Victoria’s Secret: Child Labor in the Blistering Burkina Faso Sun

Friday. December 23, 2011

We’ve all seen the TV ads for Victoria’s Secret underwear. A heterosexual fantasy of beautiful women (called “Angels”) wearing lingerie that makes them feel glamorous and irresistible to men.

But the Victoria’s Secret is hiding a dirty secret that skirts the definition of morality.

The cotton used to make their products comes from the African nation of Burkina Faso and is harvested by the tiny hands of child laborers.

Victoria’s Secret proudly boasts that their undergarments are made of:

“Made with 20 percent organic fibers from Burkina Faso.”

What they fail to mention is in Burkina Faso, child labor is endemic to the production of its chief crop export organic cotton and perversely created incentives for child labor exploitation. The program has attracted subsistence farmers who say they don’t have the resources to grow fair-trade cotton without forcing other people’s children into their fields. A violation of a key principle of the movement.

A booklet accompanying a white thong covered with frilly blue and lavender daisies proclaimed “Good for women and good for the children who depend on them.”

13-year old Clarisse Kambire Labors in a West African Cotton Field

Tell that to 13-year old Clarisse Kambire who labors in a West African cotton field. She rises before sunrise from a faded plastic mat that serves as her mattress, barely thicker than the cover of a glossy magazine featuring Victoria’s Secret’s Angels. As she uses her tiny hands to begin the season’s cotton harvest, Clarisse works quickly and efficiently for fears of the man in rags towers over her, a stick raised above his head.

This entry was posted in Child Exploitation, Child Labor, Corporate Greed, International News, News, Victoria's Secret and tagged , , , , , . Bookmark the permalink.

8 Responses to Victoria’s Secret: Child Labor in the Blistering Burkina Faso Sun

  1. Rachel says:

    The exploitation of children takes many forms. Sometimes it’s for labor, other times, prostitution, and still other times, children are actually kidnapped and sent to Arab harems. I heard Victoria’s Secret used child labor to harvest the cotton they use to make their whore outfits but, I thought it couldn’t be possible in the 21st century. I was wrong. Thanks for posting this.

  2. Matteo says:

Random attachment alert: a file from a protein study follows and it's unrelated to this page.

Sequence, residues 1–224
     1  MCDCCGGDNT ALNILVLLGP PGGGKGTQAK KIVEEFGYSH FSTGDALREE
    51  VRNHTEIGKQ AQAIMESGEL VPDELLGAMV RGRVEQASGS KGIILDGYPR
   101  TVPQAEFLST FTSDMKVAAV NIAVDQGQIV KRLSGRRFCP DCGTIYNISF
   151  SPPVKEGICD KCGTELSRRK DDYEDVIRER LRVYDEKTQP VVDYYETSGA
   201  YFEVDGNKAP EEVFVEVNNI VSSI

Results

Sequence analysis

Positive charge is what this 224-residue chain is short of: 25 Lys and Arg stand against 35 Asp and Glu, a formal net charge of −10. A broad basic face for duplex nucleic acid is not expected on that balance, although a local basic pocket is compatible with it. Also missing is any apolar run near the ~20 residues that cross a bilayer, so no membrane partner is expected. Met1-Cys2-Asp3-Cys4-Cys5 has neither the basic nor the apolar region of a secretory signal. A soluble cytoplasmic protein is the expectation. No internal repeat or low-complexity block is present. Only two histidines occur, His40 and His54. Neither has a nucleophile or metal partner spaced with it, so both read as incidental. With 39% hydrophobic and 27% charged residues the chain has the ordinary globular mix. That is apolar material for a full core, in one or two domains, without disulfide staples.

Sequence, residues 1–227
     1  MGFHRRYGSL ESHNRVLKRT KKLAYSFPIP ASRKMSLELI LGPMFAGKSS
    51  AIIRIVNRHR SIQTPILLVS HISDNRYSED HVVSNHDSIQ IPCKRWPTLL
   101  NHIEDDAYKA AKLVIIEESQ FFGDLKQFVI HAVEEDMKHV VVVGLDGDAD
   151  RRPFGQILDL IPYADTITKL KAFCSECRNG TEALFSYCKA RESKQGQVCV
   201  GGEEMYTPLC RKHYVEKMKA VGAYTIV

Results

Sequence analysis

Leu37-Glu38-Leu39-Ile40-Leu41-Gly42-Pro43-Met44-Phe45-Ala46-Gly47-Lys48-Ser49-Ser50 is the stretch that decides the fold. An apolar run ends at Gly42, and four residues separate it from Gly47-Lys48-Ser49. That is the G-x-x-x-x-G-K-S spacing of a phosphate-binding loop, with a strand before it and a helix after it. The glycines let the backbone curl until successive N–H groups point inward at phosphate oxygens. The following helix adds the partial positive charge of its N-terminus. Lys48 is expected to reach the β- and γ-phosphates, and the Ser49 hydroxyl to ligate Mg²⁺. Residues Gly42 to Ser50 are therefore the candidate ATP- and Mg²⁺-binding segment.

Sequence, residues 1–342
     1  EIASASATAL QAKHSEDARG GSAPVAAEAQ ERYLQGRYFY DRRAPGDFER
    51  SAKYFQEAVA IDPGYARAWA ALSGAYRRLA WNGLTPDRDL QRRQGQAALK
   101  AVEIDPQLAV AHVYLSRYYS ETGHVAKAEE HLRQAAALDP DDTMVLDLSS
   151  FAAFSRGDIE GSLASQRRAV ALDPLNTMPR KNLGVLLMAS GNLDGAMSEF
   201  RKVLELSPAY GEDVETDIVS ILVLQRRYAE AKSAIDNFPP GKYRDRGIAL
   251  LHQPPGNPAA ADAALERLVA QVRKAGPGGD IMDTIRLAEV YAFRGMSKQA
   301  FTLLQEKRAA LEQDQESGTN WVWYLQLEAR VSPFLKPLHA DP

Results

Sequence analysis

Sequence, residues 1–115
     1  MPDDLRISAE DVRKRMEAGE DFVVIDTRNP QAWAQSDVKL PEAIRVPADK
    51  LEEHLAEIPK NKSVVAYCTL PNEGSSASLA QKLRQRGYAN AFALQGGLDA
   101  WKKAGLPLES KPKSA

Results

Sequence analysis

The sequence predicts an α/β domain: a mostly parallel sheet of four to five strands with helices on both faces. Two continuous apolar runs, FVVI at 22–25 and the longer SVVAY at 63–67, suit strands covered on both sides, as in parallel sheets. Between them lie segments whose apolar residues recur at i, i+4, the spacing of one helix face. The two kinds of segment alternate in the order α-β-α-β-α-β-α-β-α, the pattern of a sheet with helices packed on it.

Not only the cotton fields but Burkino Faso uses child labor in their gold mines.

    Child Labour in Burkina Faso’s Gold Mines

    Read it and pass it on.

  3. Abbey Peripatetic says:

    Great piece, Christopher.

    I checked “organic cotton U.S.” on Google and discovered U.S. cotton producers increased their organic product by 29% in 2009. There is no reason other than economics, for Victoria’s Secret to use product from Burkino Faso and exploit children who should be in school or playing.

    Here’s a link:

  4. TOM339 says:

    Didn’t know any of this.

    Thanks for the information.

  5. DMason says:

    According to Mitt Romney, corporations are people so how can Victoria’s Secret be such a scumbag to poor kids in Burkino Faso?

  6. retahyajyajav says:

    It takes a lot of children’s hands to look that cheap.

  7. Brigadoon says:

    The link Abbey Peripatetic posted shows organic cotton is available right here in the USA and the production doesn’t exploit children. Why isn’t Victoria’s Secret availing themselves of American organic cotton? This is outrageous.

  8. Salomon Justin says:

    Hey, pleeeease stop this kind of writing!
    * firstly: i personally doubt that the girl in the picture seen in the above article is a 13 years old. She looks older than that to me.
    * secondly: it is an evidence that children go with parents in fields for several reasons i cannot widdely discuss hereby. Nevertheless, for those whom are not familiar with Burkina environment, it is good to precise that NO CHILD IS OBLIGE TO WORK A SPECIFIC GIVEN TIME IN A FARM IN BURKINA FASO. One should stop falacious reporting and I think that Victoria Secret must prosecute those carying in medias lies like the one in this article. Also, the author(s) have something against Victoria Secret, they should go battle them directly instead of using lies on Burkina Faso.
    *thirdly: It’s also true that in the poverty context of Burkina Faso, some kids leave schools’ classes to go work in traditionnal gold minnings. But what is voluntarily omitted by reporters is that they do it for their own, attracted by the benefice they can earn from that activity (searching the gold or, selling water to workers or, any other associated activity!
    Therefore, pleeease, STOP telling lies on countries you may have never visited. Also and again, I personally encourages Victoria Secret to prosecute the author(s) of the article, including requesting the checking of the identity of that supposedely 13 years old girl we see in the picture!

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